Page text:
JS Well, I was never terribly interested in big sizes. The work was not preconceived, or at least I wasn’t conscious of that. The work was all about size and there was no need to make anything larger. Size was determined by the content. The drawings were big and preconceived to the extent that you make certain choices that contain the activity. When I finished a drawing, I’d cut the piece of paper off the roll, but it was never as if I was setting up to be large. That work needed to be large.
MGK Yes, but your first sculptures needed to be little.
JS The shelves were not particularly small—they were very matter-of-fact and determined by the hardware. They were what they were and the big choices were what material I was interested in and how to handle each material. But I was doing other things. I was carving these stone balls. Carving wood. Making things. I did a lot of work with clay that was about an accumulation and a passage of time; I was trying to find some form that I could possibly believe in . . . which was hard.
MGK How was clay about accumulation and passing of time?
JS It was about making endless piles of stuff. I did these pieces where I would toss dowels to accumulate a large form that built up into the air as the dowels interlocked. A lot of the work was very spontaneous, very much determined by the materiality and edited by whatever I may have been feeling. It was an interesting moment. But I worked with paint and I worked with sticks and stone . . . no bones.
JS Plaster and clay—and plaster plus clay. At some point, that investigation of physicality, how material responds to it, became boring and limiting. My interest in structuring the work around some reference outside of myself became less and less engaging. So I began to make stuff that had to do with my immediate experience and with materiality, I mean, all of those other things that I had investigated came into play and were utilized. But I had to figure out a way to make sculpture and to have some faith in the form. It meant something. I always felt that my ideas—I doubted their significance and meaning. I didn’t have this massive, driving sense of I had a sense of . . . purpose but it wasn’t conventional in that I wanted to do a large body of significant work. I just tried to make work that was relevant to my experience.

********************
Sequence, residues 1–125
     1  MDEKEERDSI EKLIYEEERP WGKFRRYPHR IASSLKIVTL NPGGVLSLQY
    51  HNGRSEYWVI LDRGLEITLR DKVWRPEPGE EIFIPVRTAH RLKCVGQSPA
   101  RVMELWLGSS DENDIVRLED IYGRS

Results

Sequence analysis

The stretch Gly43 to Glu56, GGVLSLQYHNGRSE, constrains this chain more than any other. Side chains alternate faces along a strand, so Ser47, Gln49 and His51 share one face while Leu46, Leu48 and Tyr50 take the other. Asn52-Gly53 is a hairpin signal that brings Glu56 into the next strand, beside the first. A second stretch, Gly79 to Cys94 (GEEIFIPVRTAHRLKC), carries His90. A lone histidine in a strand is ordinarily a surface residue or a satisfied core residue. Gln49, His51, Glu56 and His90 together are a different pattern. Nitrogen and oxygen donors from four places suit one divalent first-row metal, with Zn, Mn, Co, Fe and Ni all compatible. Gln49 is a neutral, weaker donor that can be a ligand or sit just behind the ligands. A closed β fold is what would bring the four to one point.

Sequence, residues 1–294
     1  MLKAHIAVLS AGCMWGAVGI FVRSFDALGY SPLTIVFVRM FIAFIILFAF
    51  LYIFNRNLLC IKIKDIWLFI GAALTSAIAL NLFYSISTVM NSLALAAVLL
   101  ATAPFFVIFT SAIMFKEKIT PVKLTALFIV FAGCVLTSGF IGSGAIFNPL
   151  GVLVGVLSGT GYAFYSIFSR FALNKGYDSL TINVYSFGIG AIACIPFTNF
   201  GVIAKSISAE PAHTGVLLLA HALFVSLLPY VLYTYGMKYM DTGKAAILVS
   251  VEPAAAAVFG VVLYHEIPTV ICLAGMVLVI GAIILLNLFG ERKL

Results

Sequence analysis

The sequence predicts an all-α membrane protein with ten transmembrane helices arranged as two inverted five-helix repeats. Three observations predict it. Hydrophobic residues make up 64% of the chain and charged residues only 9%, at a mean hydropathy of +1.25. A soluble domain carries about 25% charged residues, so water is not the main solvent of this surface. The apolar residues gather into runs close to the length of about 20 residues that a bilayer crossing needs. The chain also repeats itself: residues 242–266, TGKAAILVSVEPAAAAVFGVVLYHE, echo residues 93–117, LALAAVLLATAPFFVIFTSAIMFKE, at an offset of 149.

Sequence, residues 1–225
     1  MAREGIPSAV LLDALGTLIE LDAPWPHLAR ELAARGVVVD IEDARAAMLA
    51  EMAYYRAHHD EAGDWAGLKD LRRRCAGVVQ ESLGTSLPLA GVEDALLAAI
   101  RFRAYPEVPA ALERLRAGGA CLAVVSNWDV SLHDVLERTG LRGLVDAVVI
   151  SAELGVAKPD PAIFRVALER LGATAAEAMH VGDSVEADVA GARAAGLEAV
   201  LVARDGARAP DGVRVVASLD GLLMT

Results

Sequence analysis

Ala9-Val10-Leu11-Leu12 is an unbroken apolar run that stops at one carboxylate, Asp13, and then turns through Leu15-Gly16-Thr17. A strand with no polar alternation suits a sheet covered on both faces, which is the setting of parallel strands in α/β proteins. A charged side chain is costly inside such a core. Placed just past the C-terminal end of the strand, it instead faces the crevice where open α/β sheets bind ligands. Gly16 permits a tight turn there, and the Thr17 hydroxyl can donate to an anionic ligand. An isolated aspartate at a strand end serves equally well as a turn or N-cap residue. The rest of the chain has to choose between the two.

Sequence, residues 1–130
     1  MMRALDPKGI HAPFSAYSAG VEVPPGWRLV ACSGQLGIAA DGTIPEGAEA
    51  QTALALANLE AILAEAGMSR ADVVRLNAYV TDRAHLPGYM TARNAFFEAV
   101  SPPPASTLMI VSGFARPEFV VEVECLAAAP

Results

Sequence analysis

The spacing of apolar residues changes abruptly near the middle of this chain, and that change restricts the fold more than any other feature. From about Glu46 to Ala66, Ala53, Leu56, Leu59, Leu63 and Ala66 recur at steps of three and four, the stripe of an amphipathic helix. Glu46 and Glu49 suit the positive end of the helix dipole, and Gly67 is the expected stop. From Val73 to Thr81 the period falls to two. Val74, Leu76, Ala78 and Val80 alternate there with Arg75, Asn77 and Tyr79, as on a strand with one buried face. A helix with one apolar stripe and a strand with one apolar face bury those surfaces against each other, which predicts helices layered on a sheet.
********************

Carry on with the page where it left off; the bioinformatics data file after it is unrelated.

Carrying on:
MGK You were more playful.
JS Well, I guess, playful. Tentative. Sensitive. (laughter) Anyway, so I began to work.
MGK You made the birds; you said to me one was for each hand.
JS Yes, I made one in my right hand and one in my left hand.
MGK That’s playful.
JS It was playful in a sad sort of way. The body of work evolves. You see what’s going on. You’re working within some context. Or you’re cautious of what’s been done or what’s going on and that informs the work.
MGK So what informed you in the beginning? What was going on then?
JS In the ’60s? Well, I wasn’t interested in Pop Art. I was interested in artists’ strategies: Bob Morris questioning the possibility of making sculpture, Richard Serra’s enthusiasm, Carl Andre’s and Donald Judd’s reduced palates. Sculpture was very vital and full of possibility. Conceptual art seemed awfully illustrative and pedantic. I thought my problem was to describe an emotional state, my own longing or desire. The work was small but ambitious, and it was much more abstract. To what extent that was successful . . . . Gee, if I still smoked I’d have a cigarette now. Maybe I’ll have a Nicorette.
JS That was the impetus behind the small work. And it wasn’t so much about smallness; it was about appropriate size. And by alteration of size and context you could establish scale and interaction. So the first big show I had after those shelves was this progressive accumulation of material that was almost like a parade of sorts. It was essentially groups of single and multiple accumulations of shapes: spherical and conical. I installed it in a kind of line. I was anxious or nervous; it was slightly more rigidly installed than I would do it now. I mean, one’s style evolves too as one matures; it becomes less anxious. Then I had a show at the Clocktower of that single bridge milled from a block of steel. It was in a vast space—maybe its impact was more meaningful because of that great spiral staircase. You had this utilitarian structure that moves you from one point to another point and then that was really about a mental process, a key of invoking memory that’s about change and possibility. But I don’t think that it was necessarily about smallness.
MGK But when you make a bridge or a house and you make it really little you make people look at it in a different way.